"IT NEVER rains in LA." But yesterday, it did. I haven't seen lighting or heard thunder in awhile, and it sent me shivering, although not quite in fear. At home in Michigan, I'd sit window side and watch the tallest trees sway and rain droplets fall and pierce the soil. You can feel humidity in your lungs when it reaches 95 percent. You can see the atmosphere linger with its queasy-green heaviness. The Earth's about to sneeze.
The experience is different here in LA, and maybe that's a good thing. We all miss what we've grown up with, I certainly do; it's a pretty universal feeling of nostalgia, I suppose. But there's much to be enjoyed in walking across campus, Loyolan newspaper covering over my head, experiencing the slow drizzle that perpetuates through most of the day. Sometimes, it is nice to experience the unexpected. You can count on me to be unprepared - I've easily grown much, much accustomed to many sunny, warm days.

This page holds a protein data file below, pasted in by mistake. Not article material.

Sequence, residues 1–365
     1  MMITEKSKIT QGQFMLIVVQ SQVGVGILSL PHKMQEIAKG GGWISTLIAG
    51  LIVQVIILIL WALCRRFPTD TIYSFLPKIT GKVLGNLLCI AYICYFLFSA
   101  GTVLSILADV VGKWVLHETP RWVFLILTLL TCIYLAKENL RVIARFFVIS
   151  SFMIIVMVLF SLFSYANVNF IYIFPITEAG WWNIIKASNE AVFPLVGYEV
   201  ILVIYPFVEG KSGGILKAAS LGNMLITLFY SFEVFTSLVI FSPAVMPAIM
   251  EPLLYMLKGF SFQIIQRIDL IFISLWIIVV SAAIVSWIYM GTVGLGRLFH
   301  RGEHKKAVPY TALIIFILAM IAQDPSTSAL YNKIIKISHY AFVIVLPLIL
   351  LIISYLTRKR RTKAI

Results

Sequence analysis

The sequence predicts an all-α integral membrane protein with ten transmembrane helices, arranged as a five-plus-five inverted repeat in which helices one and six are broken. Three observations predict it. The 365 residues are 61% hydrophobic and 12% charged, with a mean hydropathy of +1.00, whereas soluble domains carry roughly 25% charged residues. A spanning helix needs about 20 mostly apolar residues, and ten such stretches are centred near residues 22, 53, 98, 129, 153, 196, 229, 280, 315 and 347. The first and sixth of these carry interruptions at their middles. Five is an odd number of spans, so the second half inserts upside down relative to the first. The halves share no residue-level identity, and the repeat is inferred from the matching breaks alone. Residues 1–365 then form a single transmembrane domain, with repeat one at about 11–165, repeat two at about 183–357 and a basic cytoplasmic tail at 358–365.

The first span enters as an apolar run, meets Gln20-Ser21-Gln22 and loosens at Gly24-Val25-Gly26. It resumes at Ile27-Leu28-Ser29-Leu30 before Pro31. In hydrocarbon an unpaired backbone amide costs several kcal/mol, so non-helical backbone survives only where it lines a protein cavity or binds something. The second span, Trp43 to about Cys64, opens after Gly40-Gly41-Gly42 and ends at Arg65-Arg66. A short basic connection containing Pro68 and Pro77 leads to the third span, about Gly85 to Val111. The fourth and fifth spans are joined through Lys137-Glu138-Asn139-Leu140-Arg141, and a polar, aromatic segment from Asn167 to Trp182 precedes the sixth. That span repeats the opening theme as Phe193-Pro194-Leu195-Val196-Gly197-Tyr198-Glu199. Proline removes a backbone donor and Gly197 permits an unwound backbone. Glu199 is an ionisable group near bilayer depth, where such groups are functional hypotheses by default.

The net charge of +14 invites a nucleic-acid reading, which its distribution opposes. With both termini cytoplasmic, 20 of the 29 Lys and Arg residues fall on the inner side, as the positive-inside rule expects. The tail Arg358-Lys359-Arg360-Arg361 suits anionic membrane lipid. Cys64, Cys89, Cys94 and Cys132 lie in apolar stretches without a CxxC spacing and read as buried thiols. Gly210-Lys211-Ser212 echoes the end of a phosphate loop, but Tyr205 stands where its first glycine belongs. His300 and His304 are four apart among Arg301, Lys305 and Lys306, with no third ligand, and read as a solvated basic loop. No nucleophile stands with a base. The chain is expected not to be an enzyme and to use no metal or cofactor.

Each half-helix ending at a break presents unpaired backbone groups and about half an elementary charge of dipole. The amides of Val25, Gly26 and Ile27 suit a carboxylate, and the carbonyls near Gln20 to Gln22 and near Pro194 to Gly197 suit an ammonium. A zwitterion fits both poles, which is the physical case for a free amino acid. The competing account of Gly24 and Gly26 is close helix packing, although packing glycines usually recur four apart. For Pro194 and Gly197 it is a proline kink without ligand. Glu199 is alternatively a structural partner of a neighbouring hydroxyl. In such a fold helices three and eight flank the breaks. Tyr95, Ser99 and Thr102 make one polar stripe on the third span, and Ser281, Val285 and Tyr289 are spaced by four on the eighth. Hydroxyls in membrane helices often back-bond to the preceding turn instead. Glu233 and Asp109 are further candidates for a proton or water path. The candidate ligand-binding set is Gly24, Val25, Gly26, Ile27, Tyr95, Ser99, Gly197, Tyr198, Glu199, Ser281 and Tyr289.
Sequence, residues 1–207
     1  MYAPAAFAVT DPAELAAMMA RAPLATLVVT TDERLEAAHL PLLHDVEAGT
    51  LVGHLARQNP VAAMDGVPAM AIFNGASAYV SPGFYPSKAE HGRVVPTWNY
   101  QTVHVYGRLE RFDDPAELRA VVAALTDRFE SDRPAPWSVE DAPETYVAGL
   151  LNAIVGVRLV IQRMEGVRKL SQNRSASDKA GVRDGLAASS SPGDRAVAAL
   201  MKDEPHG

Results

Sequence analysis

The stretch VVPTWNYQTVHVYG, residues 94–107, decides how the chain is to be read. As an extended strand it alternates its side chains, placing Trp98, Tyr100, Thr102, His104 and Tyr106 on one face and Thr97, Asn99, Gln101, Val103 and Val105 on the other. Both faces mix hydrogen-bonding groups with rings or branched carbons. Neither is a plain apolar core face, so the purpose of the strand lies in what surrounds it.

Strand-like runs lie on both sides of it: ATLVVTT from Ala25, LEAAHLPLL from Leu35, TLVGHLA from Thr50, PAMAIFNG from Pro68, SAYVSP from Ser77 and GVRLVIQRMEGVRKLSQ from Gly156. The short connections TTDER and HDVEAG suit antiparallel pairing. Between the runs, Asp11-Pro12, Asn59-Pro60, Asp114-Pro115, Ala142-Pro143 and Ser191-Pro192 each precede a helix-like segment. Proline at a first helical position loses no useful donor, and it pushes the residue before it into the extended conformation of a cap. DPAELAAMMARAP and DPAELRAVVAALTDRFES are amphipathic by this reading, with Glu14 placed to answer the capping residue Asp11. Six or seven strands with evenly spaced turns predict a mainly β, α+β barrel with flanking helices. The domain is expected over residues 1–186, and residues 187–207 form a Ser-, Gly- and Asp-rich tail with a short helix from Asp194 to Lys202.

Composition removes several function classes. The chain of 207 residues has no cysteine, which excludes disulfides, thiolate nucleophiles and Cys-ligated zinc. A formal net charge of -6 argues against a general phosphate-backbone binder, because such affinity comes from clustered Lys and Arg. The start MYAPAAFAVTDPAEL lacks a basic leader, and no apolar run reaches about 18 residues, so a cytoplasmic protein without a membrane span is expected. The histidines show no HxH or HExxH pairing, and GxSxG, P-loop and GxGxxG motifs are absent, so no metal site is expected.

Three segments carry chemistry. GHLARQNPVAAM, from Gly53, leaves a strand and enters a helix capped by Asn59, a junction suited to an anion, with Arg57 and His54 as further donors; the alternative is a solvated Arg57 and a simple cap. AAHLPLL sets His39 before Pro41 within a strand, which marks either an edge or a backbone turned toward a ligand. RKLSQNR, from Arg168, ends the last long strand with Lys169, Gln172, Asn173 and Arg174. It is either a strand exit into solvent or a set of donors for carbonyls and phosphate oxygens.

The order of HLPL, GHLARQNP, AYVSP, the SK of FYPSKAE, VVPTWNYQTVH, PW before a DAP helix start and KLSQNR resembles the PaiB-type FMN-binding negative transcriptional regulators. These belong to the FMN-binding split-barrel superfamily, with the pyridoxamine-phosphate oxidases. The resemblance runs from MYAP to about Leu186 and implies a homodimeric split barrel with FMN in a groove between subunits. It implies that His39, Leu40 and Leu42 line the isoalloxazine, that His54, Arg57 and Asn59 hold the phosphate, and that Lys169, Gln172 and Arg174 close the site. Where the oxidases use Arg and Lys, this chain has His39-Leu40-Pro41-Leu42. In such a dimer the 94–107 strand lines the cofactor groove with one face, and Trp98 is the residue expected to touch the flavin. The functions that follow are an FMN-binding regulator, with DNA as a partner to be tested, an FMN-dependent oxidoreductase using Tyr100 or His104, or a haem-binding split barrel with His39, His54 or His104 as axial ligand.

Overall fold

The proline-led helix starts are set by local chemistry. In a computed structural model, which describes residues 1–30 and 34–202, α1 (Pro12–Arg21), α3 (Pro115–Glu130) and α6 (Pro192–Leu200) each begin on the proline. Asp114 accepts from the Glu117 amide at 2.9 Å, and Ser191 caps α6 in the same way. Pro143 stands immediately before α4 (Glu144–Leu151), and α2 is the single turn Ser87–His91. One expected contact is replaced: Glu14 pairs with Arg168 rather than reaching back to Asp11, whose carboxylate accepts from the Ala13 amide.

When it rains in LA, things flip upside-down. People get frantic. Mud slides. Hair frizzes and poofs (mine did, without fail). The walls come down. People can be caught at their worst moments. I teasingly joke with my friends that "Californians don't know how to drive in the rain" although it's started to sink into me as well. Hydroplaning, right? I fear the day I may have to face driving in the snow again...
Thank God for the rain. It's a disappointment and it's a relief. It's like a facelift for the pavement. It may grow dark and cloudy, but it's the city's best way to become brighter. The rain reminds me of home, until I remember: I am home, here in Los Angeles.
- Jennifer Pellerito